Aquagaze and Irothtin love Digimon. Zigg has never watched Digimon. 16 years after the original Digimon Adventure started airing, can it hold up to Aqua and Iro’s preteen memories? Can it convert Zigg, seeing it for the first time? Can anyone stop us from crying our eyes out?
This Time…Dark Masters Arc (Digimon Adventure episodes 40-54 (END))
Aqua remembers… Puppetmon. That vile motherfucker. All the other Dark Masters paled in comparison to this creepy little shit. Machinedramon was just a big, hulking monster, Piedmon was Myotismon wearing a different suit and MetalSeadramon just that same oversized snake our heroes had beaten twice over already. But Puppetmon was a whole new kind of creepy. He looked like a good time. He had a house filled with toys. He wanted to be TK’s friend. But he was also a creepy bad guy who’d stop at nothing to kill our heroes. It felt wrong. Devils, vampires, dragons, giant robots and other monstrosities getting in the DigiDestined’s way? Sure. Heck, I even accepted the pajama-wearing monkey as a villain. But for a harmless little puppet to be so vile, it just broke little old me. And to think I didn’t even watch the version where he literally shoots people. With a gun.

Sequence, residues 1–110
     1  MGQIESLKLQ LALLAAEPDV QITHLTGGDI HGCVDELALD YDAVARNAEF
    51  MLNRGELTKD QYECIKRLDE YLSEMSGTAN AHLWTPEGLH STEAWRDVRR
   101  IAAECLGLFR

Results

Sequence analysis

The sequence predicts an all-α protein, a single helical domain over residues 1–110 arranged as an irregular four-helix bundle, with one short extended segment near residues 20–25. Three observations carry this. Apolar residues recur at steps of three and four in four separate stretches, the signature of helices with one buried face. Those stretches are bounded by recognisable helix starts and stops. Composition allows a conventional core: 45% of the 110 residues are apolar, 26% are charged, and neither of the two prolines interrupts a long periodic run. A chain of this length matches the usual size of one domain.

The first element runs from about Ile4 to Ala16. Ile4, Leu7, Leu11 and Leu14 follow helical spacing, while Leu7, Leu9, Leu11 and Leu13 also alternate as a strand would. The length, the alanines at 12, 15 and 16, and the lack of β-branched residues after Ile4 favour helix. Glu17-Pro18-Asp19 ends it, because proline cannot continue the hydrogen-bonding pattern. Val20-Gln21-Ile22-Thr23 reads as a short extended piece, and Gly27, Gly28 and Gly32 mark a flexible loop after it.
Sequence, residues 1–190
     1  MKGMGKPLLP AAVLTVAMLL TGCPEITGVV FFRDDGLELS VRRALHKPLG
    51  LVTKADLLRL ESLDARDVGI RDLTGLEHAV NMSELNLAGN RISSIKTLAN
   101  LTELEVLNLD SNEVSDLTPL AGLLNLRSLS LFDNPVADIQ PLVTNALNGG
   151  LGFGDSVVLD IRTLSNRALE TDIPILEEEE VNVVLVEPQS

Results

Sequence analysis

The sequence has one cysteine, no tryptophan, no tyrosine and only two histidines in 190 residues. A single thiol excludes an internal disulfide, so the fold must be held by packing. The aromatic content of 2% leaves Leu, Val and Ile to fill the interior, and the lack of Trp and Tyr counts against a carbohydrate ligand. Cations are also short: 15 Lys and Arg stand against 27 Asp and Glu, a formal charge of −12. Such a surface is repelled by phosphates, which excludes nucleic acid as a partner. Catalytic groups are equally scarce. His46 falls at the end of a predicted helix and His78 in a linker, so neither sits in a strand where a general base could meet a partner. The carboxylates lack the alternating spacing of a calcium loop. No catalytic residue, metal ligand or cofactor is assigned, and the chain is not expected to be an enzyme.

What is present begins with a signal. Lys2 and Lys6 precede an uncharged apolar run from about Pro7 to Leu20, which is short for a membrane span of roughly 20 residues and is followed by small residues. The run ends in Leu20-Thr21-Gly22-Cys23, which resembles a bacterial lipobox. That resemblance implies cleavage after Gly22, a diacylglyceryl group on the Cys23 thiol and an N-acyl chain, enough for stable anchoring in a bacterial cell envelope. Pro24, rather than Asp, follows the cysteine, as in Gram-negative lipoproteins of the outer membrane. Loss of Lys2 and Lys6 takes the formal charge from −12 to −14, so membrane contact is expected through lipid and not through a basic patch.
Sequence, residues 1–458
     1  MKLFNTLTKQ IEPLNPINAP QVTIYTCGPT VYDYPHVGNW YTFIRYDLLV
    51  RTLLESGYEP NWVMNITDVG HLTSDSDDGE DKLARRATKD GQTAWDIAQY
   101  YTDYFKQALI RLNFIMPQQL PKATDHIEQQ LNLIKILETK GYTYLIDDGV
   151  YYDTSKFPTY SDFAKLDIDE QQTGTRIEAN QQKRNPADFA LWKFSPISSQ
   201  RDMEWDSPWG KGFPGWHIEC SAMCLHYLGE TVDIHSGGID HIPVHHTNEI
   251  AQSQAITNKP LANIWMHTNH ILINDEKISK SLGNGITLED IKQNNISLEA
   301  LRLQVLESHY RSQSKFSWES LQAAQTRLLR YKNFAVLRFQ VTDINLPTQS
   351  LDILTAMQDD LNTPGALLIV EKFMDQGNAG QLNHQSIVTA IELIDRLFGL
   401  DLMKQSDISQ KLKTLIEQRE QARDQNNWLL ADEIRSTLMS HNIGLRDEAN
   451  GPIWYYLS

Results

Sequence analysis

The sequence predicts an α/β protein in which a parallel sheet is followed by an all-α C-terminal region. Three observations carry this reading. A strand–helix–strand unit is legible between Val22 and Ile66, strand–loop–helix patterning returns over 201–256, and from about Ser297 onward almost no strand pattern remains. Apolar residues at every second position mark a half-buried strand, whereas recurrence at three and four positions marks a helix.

Iro remembers… the dub being way less edgy. It’s common enough to edit stuff out for kids, but gosh they cut or changed quite a lot of violence. When Puppetmon (Pinochimon) pulls out a .44 magnum and dum-dum bullets, proceeding to kill his henchmen with it, I lost my shit because it was just so audacious. On the other hand, some of the violence is actually shocking instead of hilariously shocking, like when Tai practically attacks Izzy while they run from Machinedramon. I grew up on stuff like Spider-Man: The Animated Series, where the hero wasn’t even allowed to punch supervillains, so it’s rather jarring to see such direct confrontation. Apart from that, MagnaAngemon/HolyAngemon is still The Coolest, and the final ending bit with the trolley car brings tears to my eyes every goddamn time.
Zigg’s Thoughts… This last section of Digimon Adventure is easily the most ambitious of the entire show, both in terms of scope and action, and also in how it attempts to create character based drama around our gang of heroes and heroines. It’s also probably the sloppiest section of the entire show, as the pace lurches back and forth, our villains are a motley crew of the memorable and the bland, and the plot pulls itself in all sorts of different directions before a very bizarre final twist. It’s clear that the creative team were maybe scrabbling a bit by this point, but it’s gratifying that they still found time to play to the strengths that the show has embraced throughout: character work, imaginative action, and monster design. Consequently, while these last dozen or so episodes may occasionally veer off track, they always come back to what we love.